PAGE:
Bull Market – History
Every modern economy with a functioning capital market has recorded bullish market trends characterised by the sustained growth of more than 20% in the overall stock prices. Such market trends led to significant GDP growth rates and all-round development of the respective countries, indicating a high degree of prosperity.
One of the major bull markets recorded in history is the 2006 asset bubble created by historically low-interest rates on mortgages, along with high exuberant lending strategies to subprime lenders (having a poor credit history). An overinflated housing bubble created a stock market bull, wherein investors from all across the world pooled their money to generate gains through this sector.
A leading financial institution Lehman Brothers Holding Inc. reported the highest ever profits of US$ 4.2 billion during this period in 2017, with a revenue of US$19.3 billion.
Another major bullish trend occurring in India was caused by ‘The Big Bull’ Harshad Mehta, who manipulated the stock prices through funds embezzled from public sector banks to realise profits. This created a positive outlook towards the stock market investments, leading to a bullish market trend encouraging beginners to partake in such funds as well. This led to subsequent profits realised in the long run, indicating a bull market trend.
Bull vs Bear
While a bull market reflects an increase in the average stock prices, a bear market occurs when the stock prices start falling. Standard economies are likely to face a corresponding fall in investment patterns after an extended period of an optimistic outlook, as a part of business cycle fluctuations.
|Average stock prices||20% or more rise||20% or more decline|
|Investment||In large, mid and small-cap companies||In large-cap companies only|
What Should Investors Do?
Bullish markets allow all functioning companies to thrive for an ample period, which is indicated through increased profitability and top-line revenue, leading to a rise in the stock prices. Robust growth of such companies allows individuals to gain from their respective investments– through timely pay-outs and capital gains.
Investors choosing to build their portfolio through large-cap companies can benefit from periodic dividend payments, while individuals investing in small and mid-cap companies enjoy robust gains during the resale of procured securities. This leads to long term gains of investors, who can choose to resell their securities at the peak of the business cycle.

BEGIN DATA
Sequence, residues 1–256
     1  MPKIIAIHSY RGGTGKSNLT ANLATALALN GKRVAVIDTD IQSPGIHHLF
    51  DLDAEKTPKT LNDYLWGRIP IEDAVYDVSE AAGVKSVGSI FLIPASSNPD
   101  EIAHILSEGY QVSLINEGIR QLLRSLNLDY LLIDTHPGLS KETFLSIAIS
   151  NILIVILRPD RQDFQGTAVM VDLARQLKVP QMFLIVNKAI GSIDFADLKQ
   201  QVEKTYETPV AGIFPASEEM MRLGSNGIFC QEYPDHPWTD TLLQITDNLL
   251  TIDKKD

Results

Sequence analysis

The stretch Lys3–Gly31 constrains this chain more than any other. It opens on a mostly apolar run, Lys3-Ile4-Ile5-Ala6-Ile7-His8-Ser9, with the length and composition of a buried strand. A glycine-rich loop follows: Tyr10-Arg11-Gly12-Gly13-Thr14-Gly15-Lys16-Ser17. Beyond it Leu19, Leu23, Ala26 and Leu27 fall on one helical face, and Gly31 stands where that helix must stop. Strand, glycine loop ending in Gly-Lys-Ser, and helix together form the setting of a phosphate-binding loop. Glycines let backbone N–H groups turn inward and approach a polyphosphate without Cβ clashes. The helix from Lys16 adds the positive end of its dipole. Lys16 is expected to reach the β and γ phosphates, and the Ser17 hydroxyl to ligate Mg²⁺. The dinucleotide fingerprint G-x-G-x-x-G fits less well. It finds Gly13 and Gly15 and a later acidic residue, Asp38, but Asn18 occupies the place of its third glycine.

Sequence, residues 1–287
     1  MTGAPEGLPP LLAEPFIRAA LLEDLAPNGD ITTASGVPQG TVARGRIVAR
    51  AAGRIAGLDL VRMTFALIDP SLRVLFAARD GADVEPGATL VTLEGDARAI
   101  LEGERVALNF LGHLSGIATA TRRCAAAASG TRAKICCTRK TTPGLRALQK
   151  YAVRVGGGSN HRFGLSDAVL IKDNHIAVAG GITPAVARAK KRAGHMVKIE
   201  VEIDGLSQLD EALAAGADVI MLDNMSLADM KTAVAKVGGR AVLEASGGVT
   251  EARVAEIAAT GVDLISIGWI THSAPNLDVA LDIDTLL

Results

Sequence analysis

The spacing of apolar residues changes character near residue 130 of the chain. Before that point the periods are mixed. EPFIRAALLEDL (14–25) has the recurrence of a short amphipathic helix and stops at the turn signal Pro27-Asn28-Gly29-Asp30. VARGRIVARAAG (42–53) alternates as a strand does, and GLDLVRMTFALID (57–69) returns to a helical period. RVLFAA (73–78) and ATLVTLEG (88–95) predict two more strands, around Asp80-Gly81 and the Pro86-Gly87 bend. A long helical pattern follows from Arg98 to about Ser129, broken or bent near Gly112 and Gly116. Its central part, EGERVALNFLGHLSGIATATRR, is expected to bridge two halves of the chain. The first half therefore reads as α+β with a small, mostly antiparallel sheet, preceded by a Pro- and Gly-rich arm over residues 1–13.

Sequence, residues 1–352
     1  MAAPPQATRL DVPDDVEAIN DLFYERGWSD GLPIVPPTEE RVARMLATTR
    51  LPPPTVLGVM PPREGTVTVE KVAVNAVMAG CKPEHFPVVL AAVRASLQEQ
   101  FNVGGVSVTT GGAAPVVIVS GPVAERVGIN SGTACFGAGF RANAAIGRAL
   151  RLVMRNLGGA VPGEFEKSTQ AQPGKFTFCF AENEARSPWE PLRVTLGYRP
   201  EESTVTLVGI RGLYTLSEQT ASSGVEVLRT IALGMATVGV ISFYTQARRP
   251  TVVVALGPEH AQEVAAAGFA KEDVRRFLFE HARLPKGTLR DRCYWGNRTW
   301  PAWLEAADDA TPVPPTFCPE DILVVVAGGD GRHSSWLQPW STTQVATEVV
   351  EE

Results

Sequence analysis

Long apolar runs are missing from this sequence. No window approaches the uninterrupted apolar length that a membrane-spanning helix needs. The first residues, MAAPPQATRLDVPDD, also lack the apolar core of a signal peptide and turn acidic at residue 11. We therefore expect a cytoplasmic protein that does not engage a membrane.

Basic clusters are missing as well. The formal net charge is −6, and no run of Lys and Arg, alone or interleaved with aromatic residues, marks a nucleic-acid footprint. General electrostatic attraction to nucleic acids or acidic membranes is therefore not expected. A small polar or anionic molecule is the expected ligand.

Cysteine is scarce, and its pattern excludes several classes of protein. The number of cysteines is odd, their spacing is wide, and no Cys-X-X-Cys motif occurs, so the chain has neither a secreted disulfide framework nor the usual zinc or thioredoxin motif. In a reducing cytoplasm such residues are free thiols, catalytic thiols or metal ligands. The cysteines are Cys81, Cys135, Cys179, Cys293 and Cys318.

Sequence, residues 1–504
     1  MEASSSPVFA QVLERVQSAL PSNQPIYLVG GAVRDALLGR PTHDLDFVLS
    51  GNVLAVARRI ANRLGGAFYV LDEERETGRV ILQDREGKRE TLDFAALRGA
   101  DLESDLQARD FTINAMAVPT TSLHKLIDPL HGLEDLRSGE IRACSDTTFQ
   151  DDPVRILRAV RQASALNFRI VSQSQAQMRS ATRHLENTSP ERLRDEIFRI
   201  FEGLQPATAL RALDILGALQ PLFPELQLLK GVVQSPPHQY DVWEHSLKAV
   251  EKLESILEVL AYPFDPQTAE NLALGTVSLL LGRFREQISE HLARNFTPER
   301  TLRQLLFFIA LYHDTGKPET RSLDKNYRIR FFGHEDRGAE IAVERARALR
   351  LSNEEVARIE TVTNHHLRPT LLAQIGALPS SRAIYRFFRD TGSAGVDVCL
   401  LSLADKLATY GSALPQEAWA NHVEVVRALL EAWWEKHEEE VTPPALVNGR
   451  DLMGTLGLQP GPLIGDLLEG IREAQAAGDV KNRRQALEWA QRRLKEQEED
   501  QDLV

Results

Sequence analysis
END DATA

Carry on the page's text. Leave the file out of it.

In a bullish market, the ‘buy and hold’ strategy is most useful, as investors choosing to withhold their securities are bound to realise dividend yields. Also, substantial capital gains can only be enjoyed if investors choose to hold their securities until prices rise significantly.
Increased ‘buy and hold’ policy is often undertaken by investors who are well-versed with the working of the stock market, who continue purchasing securities till the upward trend in stock prices prevails. This increases the overall capital gains, realised once the market readjusts post-market correction, which leads to higher stock prices.
Thus, bull markets are an excellent time frame for beginners to start investing in the stock market, as chances of incurring substantial losses are minimal. Most companies having a developed foundation can reap significant profits during this time, ensuring returns at 15-20% on principal investment value.
While large-cap companies distribute such profits through timely dividend pay-outs, small and mid-cap companies often choose to reinvest the same in for future growth. Gains from such investments can primarily be realised through the resale of securities. Though gains in this method are relatively more compared to the same amount of investment in large-cap companies, individuals should look into the credentials of the company to ensure the investment is not a value trap, wherein the reason behind excellent performance of the company in the bullish market outlook, and not internal factors. The price to earnings ratio can be scrutinised in this regard, which compares the relative price of a security with the earnings generated per share.
Keeping in mind all respective parameters, any investment strategy in both large and small and mid-cap companies is bound to generate substantial wealth in the long run.